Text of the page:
• by Lis Churchward

    Sharing knowledge is like sharing light – at the end of the exchange you both possess it. Recently, the CVE contributed an advertorial published in Vet Practice which stated that ‘Education is not a commodity’. This provoked discussion in the office as to whether that statement was indeed correct.  So, we thought it would be a great discussion starter for a CVE blog, especially now that members have the opportunity to contribute feedback and comments. Many people are ‘pushing back’ against the idea that education is a commodity, the same as a bar of chocolate. Others argue that you buy both, so what’s the difference? We at the CVE believe that there is a world of difference. We don’t consider education or continuing professional development such as a CVE conference, online course or workshop to be a commodity. ‘Please explain’ say the cynics.

  • And the Oscar for Best Scenery goes to... New Zealand. Watch the video and you’ll understand why Rudyard Kipling described the Milford Sound in Fiordland (pictured) as the ‘eighth wonder of the world’. Are you challenged by immune-mediated diseases…? Are there are a few frustrating cases you treated that baffled you and/or your colleagues and still niggle today? If so, you’re not alone. In September, there’ll be an assembly in NZ of fellow veterinarians who have encountered the same frustrations and who have decided to take action. They are committed to taking leave from their practice to hear from three foremost authorities about how they can improve their diagnosis, management and treatment of immune-mediated diseases in dogs and cats. Read the program. Need help deciding if you will commit to this Immunology Conference?

  • by Lis Churchward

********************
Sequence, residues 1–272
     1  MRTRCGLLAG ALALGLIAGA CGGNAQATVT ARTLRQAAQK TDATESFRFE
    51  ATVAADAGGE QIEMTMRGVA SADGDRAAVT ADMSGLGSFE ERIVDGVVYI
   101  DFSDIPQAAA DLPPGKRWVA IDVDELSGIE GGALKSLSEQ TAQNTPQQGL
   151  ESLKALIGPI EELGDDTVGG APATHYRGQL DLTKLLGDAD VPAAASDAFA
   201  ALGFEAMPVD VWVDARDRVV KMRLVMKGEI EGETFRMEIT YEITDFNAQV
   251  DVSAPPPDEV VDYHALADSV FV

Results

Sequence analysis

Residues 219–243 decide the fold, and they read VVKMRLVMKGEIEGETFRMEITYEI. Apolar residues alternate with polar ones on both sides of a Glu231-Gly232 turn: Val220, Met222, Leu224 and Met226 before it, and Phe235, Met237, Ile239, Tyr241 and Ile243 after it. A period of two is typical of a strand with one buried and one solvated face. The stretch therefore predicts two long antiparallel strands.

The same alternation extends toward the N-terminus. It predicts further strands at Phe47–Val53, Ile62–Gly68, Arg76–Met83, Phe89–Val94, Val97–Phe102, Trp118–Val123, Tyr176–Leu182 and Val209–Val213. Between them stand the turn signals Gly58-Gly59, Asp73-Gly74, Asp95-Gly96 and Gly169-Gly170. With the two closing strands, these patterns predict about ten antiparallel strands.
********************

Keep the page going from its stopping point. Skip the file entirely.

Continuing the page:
Just because you couldn’t enrol in a course, you shouldn’t miss the valuable course content! And often you need to be able to get your hands on a C&T or Perspective article ASAP. Let your fingers do the walking… Say, for example, you were wracking your brains to remember in which issue the C&T about ‘Leg Surgery on a Bandicoot’ by Phil Tucak appeared. Or maybe you became a vet after this C&T was published? Login to our website to access the CVeLibrary and type ‘bandicoot’ in the search field. In seconds, 113 results are returned where ‘bandicoot’ is mentioned either the C&T Series or course proceedings.

  • by Lis Churchward

    Cycads – Sago 'palm' seeds from the cycad family. Recognise these…? More importantly, did you know they were highly toxic? This beautiful image is a close-up of seeds from the Sago cycad, often mistakenly referred to as a palm. If you didn’t recognise this image, there are probably 2 reasons: You’re not familiar with the plant and its seeds, or You didn’t see this image in the eBook. If option 1, you didn’t recognise these seeds, don’t worry – you’re not alone The aim of Amy Lam’s C&T was to warn vets about this plant which is becoming increasingly popular; correspondingly, there has been an increase in poisoning cases with the Small Animal Specialist Hospital treating at least 10 cases in the last 6 months. A small pretty palm, its seeds are highly attractive to dogs – and also highly toxic. Although other parts of the plant have toxic capacities, it’s the seeds that have proven to be most attractive and dangerous to dogs which suffer acute liver failure after ingesting them.